Royal Dutch Shell (NYSE: RDS.B): Shell is probably the least likely Big Oil major to engage in M&A activity, because it already has announced a major acquisition. Last year, Shell struck a deal to buy BG Group PLC for $70 billion, which was Shell’s largest deal ever. The move was a clear attempt to become the premier leader in liquefied natural gas, or LNG, which many industry observers believe to be the fuel of the future. LNG is easily transported to emerging markets such as China, where energy demand is soaring. Analysts are bullish on Shell as a result: the average analyst recommendation is ‘overweight’ with a median price target of $52.88, representing 11 percent upside potential from its March 4 closing price.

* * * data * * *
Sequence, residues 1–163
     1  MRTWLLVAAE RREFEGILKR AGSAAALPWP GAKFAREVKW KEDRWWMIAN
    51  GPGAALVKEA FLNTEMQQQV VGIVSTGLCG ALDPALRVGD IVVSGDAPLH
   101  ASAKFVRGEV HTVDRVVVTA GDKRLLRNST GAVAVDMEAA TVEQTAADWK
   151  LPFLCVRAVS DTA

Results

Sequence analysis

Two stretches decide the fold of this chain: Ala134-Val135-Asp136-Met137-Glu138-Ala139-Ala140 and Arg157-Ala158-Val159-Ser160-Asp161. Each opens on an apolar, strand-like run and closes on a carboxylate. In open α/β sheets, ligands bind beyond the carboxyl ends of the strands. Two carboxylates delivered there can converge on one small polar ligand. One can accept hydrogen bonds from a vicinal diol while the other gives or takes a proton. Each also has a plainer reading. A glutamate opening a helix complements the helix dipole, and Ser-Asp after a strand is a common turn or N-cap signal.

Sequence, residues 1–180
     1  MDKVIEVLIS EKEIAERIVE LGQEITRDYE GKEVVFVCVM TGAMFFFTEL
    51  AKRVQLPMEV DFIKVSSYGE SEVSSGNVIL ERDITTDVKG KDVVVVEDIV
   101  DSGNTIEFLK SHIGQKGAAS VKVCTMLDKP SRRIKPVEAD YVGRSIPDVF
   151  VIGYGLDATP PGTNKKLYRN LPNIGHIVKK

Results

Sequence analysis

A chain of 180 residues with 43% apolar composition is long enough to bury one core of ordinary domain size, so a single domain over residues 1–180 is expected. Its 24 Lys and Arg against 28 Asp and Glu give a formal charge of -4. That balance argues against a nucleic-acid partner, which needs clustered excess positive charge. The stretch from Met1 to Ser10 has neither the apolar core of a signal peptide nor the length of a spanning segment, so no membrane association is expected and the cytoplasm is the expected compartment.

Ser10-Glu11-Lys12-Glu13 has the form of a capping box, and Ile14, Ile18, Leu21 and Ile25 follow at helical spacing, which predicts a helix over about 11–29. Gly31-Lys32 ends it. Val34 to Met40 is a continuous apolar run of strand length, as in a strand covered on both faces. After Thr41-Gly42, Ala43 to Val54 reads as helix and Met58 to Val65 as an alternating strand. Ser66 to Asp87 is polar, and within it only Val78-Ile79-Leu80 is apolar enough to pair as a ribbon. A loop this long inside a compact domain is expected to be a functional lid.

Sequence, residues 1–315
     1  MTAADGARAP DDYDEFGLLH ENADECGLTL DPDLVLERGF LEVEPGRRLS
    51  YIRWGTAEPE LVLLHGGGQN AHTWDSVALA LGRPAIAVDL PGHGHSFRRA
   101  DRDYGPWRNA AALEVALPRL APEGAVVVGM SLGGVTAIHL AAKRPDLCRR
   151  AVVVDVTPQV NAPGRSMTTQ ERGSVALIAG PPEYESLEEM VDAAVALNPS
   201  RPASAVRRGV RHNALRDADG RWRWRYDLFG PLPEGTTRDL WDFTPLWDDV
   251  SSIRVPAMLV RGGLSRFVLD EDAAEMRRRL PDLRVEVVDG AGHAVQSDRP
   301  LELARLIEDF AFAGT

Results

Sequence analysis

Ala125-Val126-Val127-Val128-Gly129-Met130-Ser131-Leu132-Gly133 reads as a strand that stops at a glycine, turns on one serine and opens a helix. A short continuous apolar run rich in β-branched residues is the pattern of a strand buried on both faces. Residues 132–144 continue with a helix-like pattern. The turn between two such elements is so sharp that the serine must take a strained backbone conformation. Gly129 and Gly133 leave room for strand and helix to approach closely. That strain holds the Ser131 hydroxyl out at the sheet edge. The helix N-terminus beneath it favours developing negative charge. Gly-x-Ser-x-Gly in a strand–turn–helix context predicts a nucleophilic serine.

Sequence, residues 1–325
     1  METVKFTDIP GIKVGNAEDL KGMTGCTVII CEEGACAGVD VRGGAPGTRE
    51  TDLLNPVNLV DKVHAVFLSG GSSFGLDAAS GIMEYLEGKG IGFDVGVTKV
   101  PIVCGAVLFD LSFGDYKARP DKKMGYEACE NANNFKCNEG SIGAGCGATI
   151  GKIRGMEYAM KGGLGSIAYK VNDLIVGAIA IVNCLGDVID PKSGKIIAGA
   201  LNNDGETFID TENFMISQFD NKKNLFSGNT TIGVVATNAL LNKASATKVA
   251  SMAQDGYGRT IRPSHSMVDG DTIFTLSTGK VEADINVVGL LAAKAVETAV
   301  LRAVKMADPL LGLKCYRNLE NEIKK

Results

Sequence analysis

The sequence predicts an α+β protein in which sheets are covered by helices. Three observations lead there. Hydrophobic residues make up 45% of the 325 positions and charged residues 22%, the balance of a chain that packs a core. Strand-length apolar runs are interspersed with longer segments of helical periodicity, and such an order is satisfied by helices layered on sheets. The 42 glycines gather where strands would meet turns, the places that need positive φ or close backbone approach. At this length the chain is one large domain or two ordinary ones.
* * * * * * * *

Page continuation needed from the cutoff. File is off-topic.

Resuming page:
Bob Ciura is an independent equity analyst. Since 2012, his work has focused on fundamental investment analysis of publicly-traded companies in the energy, technology, and consumer goods industries. Bob has a Bachelor's degree in Finance and an MBA in Finance.